Clean Energy Innovation in Latin America

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In the wake of the COP21 global climate talks, governments must shift attention to how they will actually follow through on the commitments made in Paris. One concept is central to achieving that goal – innovation.

While the majority of clean energy technologies have been developed in the United States, Europe and Asia, Latin American countries would also benefit from expanding innovation to meet climate change mitigation goals and boost their economies, according to a new report by the Inter-American Dialogue and CAF- Development Bank of Latin America.

Latin American countries have pioneered technologies in certain niche areas, such as ethanol in Brazil, biodiesel in Mexico and ocean energy in Chile. The region boasts many highly qualified researchers and top-notch institutions that are developing promising new technologies. And its geography provides abundant natural potential for renewable energy.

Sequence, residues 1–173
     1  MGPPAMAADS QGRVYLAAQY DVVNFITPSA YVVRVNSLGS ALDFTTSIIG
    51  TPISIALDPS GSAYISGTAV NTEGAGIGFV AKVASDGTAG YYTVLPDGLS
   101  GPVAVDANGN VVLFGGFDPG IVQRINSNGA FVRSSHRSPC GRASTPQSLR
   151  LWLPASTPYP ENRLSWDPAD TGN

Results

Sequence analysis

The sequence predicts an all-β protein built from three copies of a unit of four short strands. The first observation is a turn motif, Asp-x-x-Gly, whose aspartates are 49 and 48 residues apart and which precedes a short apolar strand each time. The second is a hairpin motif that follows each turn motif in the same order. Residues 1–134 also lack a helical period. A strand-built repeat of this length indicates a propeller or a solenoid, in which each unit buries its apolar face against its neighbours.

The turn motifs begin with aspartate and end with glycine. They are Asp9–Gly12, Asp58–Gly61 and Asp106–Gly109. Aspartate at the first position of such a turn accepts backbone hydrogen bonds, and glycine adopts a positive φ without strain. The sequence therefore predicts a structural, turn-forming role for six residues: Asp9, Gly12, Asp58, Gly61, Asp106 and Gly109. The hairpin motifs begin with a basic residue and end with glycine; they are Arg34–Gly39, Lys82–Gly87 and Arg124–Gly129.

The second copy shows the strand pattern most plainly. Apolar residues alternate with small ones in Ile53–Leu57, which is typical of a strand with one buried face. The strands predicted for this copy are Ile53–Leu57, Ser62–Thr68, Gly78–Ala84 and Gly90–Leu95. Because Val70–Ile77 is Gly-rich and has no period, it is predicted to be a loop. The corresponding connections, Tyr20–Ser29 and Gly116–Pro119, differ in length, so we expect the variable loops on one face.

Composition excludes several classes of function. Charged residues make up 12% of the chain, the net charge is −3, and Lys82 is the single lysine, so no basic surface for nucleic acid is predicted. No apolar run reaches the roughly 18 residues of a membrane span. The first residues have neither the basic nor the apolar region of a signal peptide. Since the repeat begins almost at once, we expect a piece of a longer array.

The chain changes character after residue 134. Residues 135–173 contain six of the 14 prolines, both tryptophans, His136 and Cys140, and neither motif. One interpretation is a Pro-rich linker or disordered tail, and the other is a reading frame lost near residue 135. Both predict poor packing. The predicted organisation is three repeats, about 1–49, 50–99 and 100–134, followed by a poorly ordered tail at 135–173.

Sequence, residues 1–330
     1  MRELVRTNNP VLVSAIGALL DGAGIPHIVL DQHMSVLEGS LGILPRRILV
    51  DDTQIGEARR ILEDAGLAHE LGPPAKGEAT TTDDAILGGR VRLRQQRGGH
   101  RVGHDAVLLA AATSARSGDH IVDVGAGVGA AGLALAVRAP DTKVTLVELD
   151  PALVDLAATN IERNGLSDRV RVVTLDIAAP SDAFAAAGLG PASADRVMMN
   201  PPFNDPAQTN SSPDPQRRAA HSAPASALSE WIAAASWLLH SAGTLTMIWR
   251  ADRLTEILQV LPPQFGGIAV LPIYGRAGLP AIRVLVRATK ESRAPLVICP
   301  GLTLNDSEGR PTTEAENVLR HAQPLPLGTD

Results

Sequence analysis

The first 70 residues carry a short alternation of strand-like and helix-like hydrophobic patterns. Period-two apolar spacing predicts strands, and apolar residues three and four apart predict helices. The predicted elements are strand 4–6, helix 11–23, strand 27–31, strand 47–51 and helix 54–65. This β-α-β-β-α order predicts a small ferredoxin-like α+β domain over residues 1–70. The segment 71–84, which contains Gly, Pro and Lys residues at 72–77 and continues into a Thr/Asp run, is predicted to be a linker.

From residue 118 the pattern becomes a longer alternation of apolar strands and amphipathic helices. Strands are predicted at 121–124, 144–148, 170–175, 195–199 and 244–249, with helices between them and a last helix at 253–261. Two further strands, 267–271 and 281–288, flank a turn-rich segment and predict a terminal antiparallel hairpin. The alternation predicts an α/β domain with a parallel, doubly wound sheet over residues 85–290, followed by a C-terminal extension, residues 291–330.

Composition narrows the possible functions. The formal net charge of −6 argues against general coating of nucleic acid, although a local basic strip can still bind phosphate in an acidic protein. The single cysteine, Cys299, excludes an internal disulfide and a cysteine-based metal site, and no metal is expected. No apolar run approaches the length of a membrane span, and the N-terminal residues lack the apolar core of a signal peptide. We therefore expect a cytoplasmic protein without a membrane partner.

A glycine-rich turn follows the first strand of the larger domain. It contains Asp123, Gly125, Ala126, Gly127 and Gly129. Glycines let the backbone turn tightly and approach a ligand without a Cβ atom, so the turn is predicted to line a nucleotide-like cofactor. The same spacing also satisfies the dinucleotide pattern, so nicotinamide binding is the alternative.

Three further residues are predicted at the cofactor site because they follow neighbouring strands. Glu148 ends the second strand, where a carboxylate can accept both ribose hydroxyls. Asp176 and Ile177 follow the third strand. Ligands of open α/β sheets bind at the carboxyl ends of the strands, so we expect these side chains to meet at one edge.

However, Latin America trails other regions across many indicators of innovation in energy and other sectors, filing fewer patents, investing less in technology R&D and receiving far lower royalties. It is crucial that the region focus on closing this clean energy innovation gap. Even the application of proven technologies developed elsewhere requires researchers to adapt solutions to local conditions. Innovation offers an opportunity for Latin America to boost economic growth and employment, increase foreign currency inflows through technology exports and licensing royalties, and transition their economies toward higher value products and services.

The report concludes that for Latin American countries to scale up clean energy innovation, they need to improve links between local researchers and international industry players, strengthen policies to increase domestic demand for indigenous clean energy technologies, and redirect public R&D spending toward engineering-based technology.

The report examines challenges and opportunities to clean energy technology development in Brazil, Mexico and Chile, which are among the Latin American countries with the greatest potential to expand research and commercialization in this sector.

Contact the Author

Lisa Viscidi, Program Director, Energy, Climate Change and Extractive Industries
lviscidi@thedialogue.org
202-463-2571
@lviscidi

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